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Franz Liszt got the Hollywood treatment in the lavish film biography Song Without End (1960), with English heartthrob Dirk Bogarde making his U.S. film debut as the Hungarian composer. In true Hollywood fashion, the screenplay changed history, omitting a few children here and there and neglecting to mention that though the composer's relationship with a Russian princess had ended because she couldn't get a divorce from her husband, they could have gotten back together after her husband died. Considering the film's tortuous road to production, however, it's a wonder that any of Liszt's life made it to the screen.
The idea for a film biography of Liszt can be traced to the success of Columbia Pictures' biography of his rival, Frederic Chopin, A Song to Remember (1945). Musician Theodore Kolline submitted three screenplays to the studio in 1946, but the project didn't really begin in earnest until 1952, when studio head Harry Cohn announced plans for the film. For the next seven years, it went through various writers and producers before finally going into production under William Goetz' independent production company, which released films through Columbia. He chose Charles Vidor, a Columbia veteran most noted for Gilda (1946), to direct Song Without End on locations around Europe. When the Soviet Union refused permission to shoot in Liszt's native Hungary, they settled on the palaces of Vienna instead.
For leading man, Goetz chose Dirk Bogarde, England's leading matinee idol. Since he was actively seeking more challenging roles (his home studio, Rank, had recently refused to let him take the lead in the 1958 film version of Look Back in Anger), Bogarde jumped at the role and his first opportunity to work on a U.S. film. He studied for weeks with pianist Victor Aller, who became a close friend, so that Vidor could film his hands at the piano. For leading lady, the company chose former model Capucine to make her film debut; she had been making a name for herself as agent/producer Charles Feldman's mistress and the hostess of his Hollywood parties. After announcing young piano sensation Van Cliburn would record the piano solos, the studio ended up using Jorge Bolet, while the Los Angeles Philharmonic, in its first film soundtrack appearance, would record Liszt's orchestral music.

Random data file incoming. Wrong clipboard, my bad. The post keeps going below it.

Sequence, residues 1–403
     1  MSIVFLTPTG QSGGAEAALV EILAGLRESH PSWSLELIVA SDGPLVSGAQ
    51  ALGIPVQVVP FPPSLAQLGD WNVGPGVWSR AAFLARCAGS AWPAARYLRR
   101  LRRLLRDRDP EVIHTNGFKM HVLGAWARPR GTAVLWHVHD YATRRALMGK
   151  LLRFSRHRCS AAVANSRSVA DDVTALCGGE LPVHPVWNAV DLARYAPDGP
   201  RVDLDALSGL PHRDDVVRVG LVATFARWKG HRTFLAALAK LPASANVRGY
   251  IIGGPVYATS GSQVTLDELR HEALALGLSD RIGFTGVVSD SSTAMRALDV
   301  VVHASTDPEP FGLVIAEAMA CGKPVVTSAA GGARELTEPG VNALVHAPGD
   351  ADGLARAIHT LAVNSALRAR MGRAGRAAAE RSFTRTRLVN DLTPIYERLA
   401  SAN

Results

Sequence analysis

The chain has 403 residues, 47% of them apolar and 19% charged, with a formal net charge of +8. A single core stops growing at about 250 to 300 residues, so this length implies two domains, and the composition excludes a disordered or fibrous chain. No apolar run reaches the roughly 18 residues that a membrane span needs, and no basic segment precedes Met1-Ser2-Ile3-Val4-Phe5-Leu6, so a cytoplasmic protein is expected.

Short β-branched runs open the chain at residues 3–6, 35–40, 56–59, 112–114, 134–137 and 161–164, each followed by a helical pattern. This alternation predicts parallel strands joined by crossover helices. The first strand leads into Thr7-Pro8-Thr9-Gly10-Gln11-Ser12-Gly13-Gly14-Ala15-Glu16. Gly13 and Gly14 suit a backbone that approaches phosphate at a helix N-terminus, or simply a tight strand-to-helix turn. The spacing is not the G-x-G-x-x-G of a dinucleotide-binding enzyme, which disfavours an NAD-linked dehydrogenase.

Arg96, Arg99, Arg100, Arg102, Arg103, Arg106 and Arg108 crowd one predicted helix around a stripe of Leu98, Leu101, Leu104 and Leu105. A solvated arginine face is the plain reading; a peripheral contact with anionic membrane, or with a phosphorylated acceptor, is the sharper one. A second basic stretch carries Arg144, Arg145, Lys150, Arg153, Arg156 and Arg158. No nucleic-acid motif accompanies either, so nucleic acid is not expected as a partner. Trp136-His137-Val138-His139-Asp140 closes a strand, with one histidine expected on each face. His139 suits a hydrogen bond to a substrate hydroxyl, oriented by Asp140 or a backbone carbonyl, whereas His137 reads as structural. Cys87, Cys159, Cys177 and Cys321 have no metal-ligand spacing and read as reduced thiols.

The film production did not get off to a good start. Bogarde and Capucine hated the script and found Vidor unreasonable and often foul-tempered. He repeatedly screamed at her to relax and, according to Bogarde, at one point "shook Capucine like a dead cat." The co-stars frequently escaped the horrors of filming for picnics in the Austrian countryside, prompting rumors linking the gay actor with his bisexual leading lady. Then the director died of a heart attack (some said it occurred while he was having an affair with an extra). Far from mournful, Bogarde wrote his family that he was relieved and even optimistic when he met Vidor's replacement, George Cukor.
At the time, Cukor was in the middle of a career slump. He had been finishing work on Heller in Pink Tights (1960) when Goetz asked him to take over Song Without End. Both he and Bogarde were friends of British actress Kay Kendall, which helped them bond quickly. Cukor's usual attention to his leading ladies also gave him a strong rapport with Capucine. Moreover, he impressed the stars when he arrived on the set with a well-thumbed copy of Sacheverall Sitwell's Life of Liszt, published in 1934. He immediately replaced cinematographer James Wong Howe with Charles Lang, had Jean Louis' out-of-period costumes replaced with more accurate fashions and decided to have Anna Lee re-dub Patricia Morison's lines as George Sand, deeming Morison's voice too feminine for the role. His biggest challenge, though was rewriting the script. When he asked his friend Walter Bernstein to sign on for re-writes, the writer looked over the original and said, "My best advice to you is to get rid of Dirk Bogarde and get [comic] Sid Caesar. Then, just film the script." After extensive wooing by Feldman, he finally agreed to do re-writes. By that point, however, the film was so far behind schedule that all he and Cukor could do was doctor each scene as it came time to film it, leaving most of the script's structure intact.
Although Vidor had only shot about 15 percent of Song Without End, Cukor felt the entire project was not his conception nor anything he would have done on his own so he refused a directing credit. Instead, the film bore a special title card reading "Grateful recognition of his generous contribution to this film is herewith extended to Mr. George Cukor." That proved to be a wise choice when the film opened to mixed reviews. Although most critics praised the location shooting and the score (which would go on to win an Oscar®), there was little praise for the screenplay.
The composer's life would be given more faithful depictions in the 1970 Hungarian-Russian co-production The Loves of Liszt and the 1982 Hungarian mini-series Liszt Ferenc. By contrast, Ken Russell's epically self-indulgent Lisztomania (1975), starring Roger Daltrey as a pop idol version of the composer, would make Song Without End look like a documentary.
Producer: William Goetz
Director: Charles Vidor, George Cukor (uncredited)
Screenplay: Oscar Millard, Walter Bernstein (uncredited)
Cinematography: James Wong Howe, Charles Lang (uncredited)
Music: Morris Stoloff, Harry Sukman
Cast: Dirk Bogarde (Franz Liszt), Capucine (Princess Carolyne), Genevieve Page (Countess Marie), Patricia Morison (George Sand), Martita Hunt (Grand Duchess), Lou Jacobi (Potin), Marcel Dalio (Chelard), Katherine Squire (Anna Liszt)
by Frank Miller